aesthetic

or es·thet·ic

[ es-thet-ik or, esp. British, ees- ]
/ ɛsˈθɛt ɪk or, esp. British, is- /

WATCH NOW: How Do You Describe Someone's "Aesthetic"?

WATCH NOW: How Do You Describe Someone's "Aesthetic"?

If you like a certain type of interior design, or art form, or particular band, or even a certain color ... that is your aesthetic; it evokes a happy and calming emotion in you because it's what is pleasing to your senses.

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adjective

noun

Origin of aesthetic

1795–1800; < New Latin aesthēticus < Greek aisthētikós “pertaining to sense perception, perceptible, sensitive” equivalent to aisthēt(ḗs) (see aesthete) + -ikos -ic

Related forms

non·aes·thet·ic, adjectivepseu·do·aes·thet·ic, adjective

Can be confused

acetic aesthetic ascetic
Dictionary.com Unabridged Based on the Random House Unabridged Dictionary, © Random House, Inc. 2019

Examples from the Web for aesthetic

British Dictionary definitions for aesthetic

aesthetic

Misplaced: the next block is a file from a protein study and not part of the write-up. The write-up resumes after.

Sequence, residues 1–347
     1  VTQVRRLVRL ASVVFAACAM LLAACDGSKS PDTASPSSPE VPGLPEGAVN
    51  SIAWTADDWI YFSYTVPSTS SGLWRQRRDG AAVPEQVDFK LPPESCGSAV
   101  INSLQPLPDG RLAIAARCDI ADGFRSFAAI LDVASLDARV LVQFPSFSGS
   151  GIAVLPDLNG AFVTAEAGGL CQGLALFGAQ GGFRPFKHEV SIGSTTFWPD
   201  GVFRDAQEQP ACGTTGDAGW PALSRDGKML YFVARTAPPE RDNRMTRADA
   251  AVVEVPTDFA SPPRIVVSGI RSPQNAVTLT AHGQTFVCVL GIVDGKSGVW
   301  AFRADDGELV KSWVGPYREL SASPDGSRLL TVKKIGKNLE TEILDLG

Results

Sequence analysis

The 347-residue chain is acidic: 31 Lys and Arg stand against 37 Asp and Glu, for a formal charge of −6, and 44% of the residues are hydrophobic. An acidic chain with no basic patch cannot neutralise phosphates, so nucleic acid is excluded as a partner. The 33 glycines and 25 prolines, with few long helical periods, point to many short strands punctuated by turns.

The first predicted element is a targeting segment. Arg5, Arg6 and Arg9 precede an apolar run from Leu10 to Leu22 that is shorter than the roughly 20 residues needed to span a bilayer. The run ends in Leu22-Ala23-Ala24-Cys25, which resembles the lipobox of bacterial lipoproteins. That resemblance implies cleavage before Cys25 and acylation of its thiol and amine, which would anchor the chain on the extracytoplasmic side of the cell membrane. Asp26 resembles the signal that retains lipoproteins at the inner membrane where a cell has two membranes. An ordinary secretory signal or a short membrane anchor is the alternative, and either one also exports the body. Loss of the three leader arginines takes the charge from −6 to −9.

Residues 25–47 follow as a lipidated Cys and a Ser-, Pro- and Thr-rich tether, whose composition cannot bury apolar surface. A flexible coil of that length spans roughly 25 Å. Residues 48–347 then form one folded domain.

sometimes US esthetic

/ (iːsˈθɛtɪk, ɪs-) /

adjective Also: aesthetical, sometimes US esthetical

connected with aesthetics or its principles
  1. relating to pure beauty rather than to other considerations
  2. artistic or relating to good tastean aesthetic consideration

noun

a principle of taste or style adopted by a particular person, group, or culturethe Bauhaus aesthetic of functional modernity

Derived Forms

aesthetically or sometimes US esthetically, adverb
Collins English Dictionary - Complete & Unabridged 2012 Digital Edition © William Collins Sons & Co. Ltd. 1979, 1986 © HarperCollins Publishers 1998, 2000, 2003, 2005, 2006, 2007, 2009, 2012

Medicine definitions for aesthetic

aesthetic


adj.

Relating to the sensations.
Relating to esthetics.
The American Heritage® Stedman's Medical Dictionary Copyright © 2002, 2001, 1995 by Houghton Mifflin Company. Published by Houghton Mifflin Company.